A novel way of defending against mass uses of our data
AI is getting better at performing mass categorization of photos and text. A developer can scrape a bunch of photos from, say, Facebook — either directly, likely violating the terms of service, or through offering an app by which people consent to the access — and then use a well-trained categorizer to automatically discern ethnicity, gender, or even identity.
Some defenses can be built in against abuse, starting with a technical parlor trick and ending with support from the law. There’s been promising research on “image perturbation” that adjusts a photo in a way that is unnoticeable to a human, but that completely confuses standard image recognition tools that might otherwise make it easy to categorize a photo. (There’s a helpful video summary of some of the research by Nguyen, Yosinski, and Clune available here.)
For example, this intrepid group of MIT students can make Google’s otherwise-reliable image recognition algorithm mistake a turtle for a rifle, or a cat for … guacamole.
I’m part of a team at MIT and Harvard within the Assembly program — Thom Miano, Dhaval Adjodah, Francisco, Daniel Pedraza, Gretchen Greene, and Josh Joseph — that’s working on tools so that users can upload invisibly-modified photos of themselves to social media without making them so readily identifiable.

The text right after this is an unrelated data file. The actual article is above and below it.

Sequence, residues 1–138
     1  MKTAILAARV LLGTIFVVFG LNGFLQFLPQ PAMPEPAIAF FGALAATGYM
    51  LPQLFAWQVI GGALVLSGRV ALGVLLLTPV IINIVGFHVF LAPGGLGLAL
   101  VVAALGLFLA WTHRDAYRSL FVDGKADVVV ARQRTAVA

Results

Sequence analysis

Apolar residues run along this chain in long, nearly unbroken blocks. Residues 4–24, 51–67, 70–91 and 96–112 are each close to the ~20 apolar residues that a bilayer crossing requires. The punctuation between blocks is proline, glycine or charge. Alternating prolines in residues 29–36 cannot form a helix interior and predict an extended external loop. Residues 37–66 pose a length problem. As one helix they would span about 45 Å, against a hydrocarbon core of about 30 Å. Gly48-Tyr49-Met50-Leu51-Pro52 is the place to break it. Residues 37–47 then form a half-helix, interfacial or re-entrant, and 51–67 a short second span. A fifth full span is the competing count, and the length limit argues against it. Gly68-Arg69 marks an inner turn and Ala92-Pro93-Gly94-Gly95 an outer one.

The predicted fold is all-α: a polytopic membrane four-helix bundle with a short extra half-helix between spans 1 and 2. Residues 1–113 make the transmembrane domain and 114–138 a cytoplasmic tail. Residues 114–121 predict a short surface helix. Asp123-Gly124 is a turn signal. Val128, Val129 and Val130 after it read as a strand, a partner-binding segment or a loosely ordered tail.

Those modifications won’t thwart AI tools forever — but they’ll represent an unmistakable indication about user preference, and the law can then demand that those preferences be respected.
There is already a model for this: photos taken with a smartphone are invisibly labeled with time, date, and location. Facebook and Twitter for years have automatically stripped this information out before they show those photos on their services, avoiding a privacy nightmare by which a single photo could instantly locate someone. (There would no doubt have been Congressional hearings had they failed to do this.)
They can and should similarly undertake, on behalf of their users, to perturb images with the latest technology to prevent widescale AI-assisted identification by others, and to provide an anchor similar to “do not track” to make user preferences about bulk downstream use abundantly clear.
And these defense need not only apply to photos. An insurance company had an opt-in plan for Facebook users to have the nature of their posts influence their car insurance rates. As the Guardian described it:
Facebook users who write in short, concise sentences, use lists, and arrange to meet friends at a set time and place, rather than just “tonight”, would be identified as conscientious. In contrast, those who frequently use exclamation marks and phrases such as “always” or “never” rather than “maybe” could be overconfident.
There are also techniques that have moved from academia to industry like “differential privacy” and its precursors, where decoy data — a few new random stray likes in a profile — can be introduced to allow for helpful generalizations from bulk data across lots of people while protecting individual privacy by preventing easy generalizations about a single person.